There are several challenges of interoperability between the various informatics areas. In Lecture 2, the possible obstacles are presented as the lack of clear strategy, informatics resources, and coordination between all specific areas of informatics. Without these factors, it is impossible to ensure the exchange of information across platforms, systems, and infrastructure. The study by Bhartiya and Mehrotra (2014) analyzes this issue in detail.
The authors note that the establishment interoperability may be challenging due to different methods of data representation, translation limitations, different interpretations of similar terms, the lack of standard rules for data sharing and centralized storage, and the issues associated with availability and confidentiality of electronic health records. Moreover, different network requirements within organizations for various departments and the question of data ownership may present challenges to interoperability as well.
The possible methods of improvement may include standardization of interfaces, procedures, and utilized vocabularies, enhanced quality control, monitoring, and assessment, as well as encouragement of cooperation between healthcare organizations and national authorities.
Moreover, training for the users of integrated systems may increase the interoperability between the various informatics areas. It is necessary for medical professionals and healthcare organizations to understand that cooperation between various institutions and fields of medical informatics is crucial to ensure patients’ safety and good health outcomes. New technology and innovations should be implemented to serve these purposes in all medical institutions.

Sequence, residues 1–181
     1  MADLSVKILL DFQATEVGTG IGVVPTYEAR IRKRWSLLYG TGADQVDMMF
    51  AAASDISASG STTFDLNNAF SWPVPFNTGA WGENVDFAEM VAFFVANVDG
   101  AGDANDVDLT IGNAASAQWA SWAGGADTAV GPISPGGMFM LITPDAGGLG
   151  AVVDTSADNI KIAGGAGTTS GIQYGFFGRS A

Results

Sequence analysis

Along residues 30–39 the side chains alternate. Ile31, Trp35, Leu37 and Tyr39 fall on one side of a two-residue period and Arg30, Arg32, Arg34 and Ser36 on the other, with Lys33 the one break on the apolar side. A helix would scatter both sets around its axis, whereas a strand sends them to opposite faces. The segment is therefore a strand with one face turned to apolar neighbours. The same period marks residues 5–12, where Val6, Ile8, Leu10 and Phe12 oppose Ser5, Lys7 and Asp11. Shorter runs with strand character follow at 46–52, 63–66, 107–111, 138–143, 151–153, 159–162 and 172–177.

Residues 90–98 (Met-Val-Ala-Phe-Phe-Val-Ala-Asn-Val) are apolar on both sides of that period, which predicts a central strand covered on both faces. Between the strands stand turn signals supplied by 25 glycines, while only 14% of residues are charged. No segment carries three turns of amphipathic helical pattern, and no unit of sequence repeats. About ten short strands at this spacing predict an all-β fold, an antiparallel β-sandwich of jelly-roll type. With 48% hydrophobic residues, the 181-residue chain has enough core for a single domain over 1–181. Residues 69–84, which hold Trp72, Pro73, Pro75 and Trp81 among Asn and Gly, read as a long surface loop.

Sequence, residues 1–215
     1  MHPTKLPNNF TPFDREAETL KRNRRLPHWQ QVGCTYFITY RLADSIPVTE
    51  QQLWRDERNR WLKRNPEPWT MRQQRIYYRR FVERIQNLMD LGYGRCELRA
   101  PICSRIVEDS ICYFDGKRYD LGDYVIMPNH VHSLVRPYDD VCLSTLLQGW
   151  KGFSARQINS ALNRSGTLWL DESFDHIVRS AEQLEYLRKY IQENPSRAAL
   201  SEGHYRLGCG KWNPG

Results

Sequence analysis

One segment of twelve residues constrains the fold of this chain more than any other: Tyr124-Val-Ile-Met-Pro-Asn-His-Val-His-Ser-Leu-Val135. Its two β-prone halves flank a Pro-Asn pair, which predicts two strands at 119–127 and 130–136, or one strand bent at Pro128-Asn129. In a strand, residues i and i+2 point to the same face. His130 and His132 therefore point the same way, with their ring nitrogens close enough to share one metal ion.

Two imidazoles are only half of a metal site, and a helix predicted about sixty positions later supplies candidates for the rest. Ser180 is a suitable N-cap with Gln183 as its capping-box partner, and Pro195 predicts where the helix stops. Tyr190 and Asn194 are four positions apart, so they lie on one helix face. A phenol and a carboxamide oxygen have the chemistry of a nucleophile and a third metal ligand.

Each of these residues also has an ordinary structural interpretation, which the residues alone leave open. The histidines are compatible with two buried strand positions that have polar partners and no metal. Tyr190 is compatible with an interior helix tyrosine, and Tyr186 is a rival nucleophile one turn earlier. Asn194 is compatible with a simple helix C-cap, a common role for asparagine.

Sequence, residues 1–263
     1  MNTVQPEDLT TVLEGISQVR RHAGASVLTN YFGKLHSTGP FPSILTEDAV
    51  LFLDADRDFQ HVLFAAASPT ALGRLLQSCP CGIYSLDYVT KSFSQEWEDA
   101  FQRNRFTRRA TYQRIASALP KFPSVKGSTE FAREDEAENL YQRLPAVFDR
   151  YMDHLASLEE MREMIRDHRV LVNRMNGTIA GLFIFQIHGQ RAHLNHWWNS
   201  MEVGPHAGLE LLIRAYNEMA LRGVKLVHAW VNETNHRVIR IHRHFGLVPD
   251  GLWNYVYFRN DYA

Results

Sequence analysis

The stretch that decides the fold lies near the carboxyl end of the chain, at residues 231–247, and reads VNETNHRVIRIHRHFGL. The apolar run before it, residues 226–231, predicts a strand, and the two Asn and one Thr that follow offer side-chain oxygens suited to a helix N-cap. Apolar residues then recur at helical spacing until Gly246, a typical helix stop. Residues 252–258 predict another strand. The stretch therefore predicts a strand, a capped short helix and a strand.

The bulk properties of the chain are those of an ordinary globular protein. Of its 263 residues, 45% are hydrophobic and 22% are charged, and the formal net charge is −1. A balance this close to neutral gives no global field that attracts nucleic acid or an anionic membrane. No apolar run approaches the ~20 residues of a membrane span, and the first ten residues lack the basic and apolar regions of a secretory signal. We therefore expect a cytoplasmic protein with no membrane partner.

2019 IEEE membership and Society membership dues. (2018). Web.
Bhartiya, S., & Mehrotra, D. (2014). Challenges and recommendations to healthcare data exchange in an interoperable environment. Electronic Journal of Health Informatics, 8. Web.
Certification Eligibility Requirements. (2018). Web.
Current seven-point qualification system. (2018). Web.
Gadd, C. S., Williamson, J. J., Steen, E. B., Andriole, K. P., Delaney, C., Gumpper, K.,… & Fridsma, D. (2016). Eligibility requirements for advanced health informatics certification. Journal of the American Medical Informatics Association, 23(4), 851-854.
Informatics nursing certification (RN-BC). (n.d.). Web.
Jones, R. G., Johnson, O. A., & Batstone, G. (2014). Informatics and the clinical laboratory. The Clinical Biochemist Reviews, 35(3), 177-192.
Masic, I. (2014). Five periods in development of medical informatics. Acta Informatica Medica, 22(1), 44-48.
Membership categories. (2018). Web.
Qualification in laboratory informatics, QLI. (2017). Web.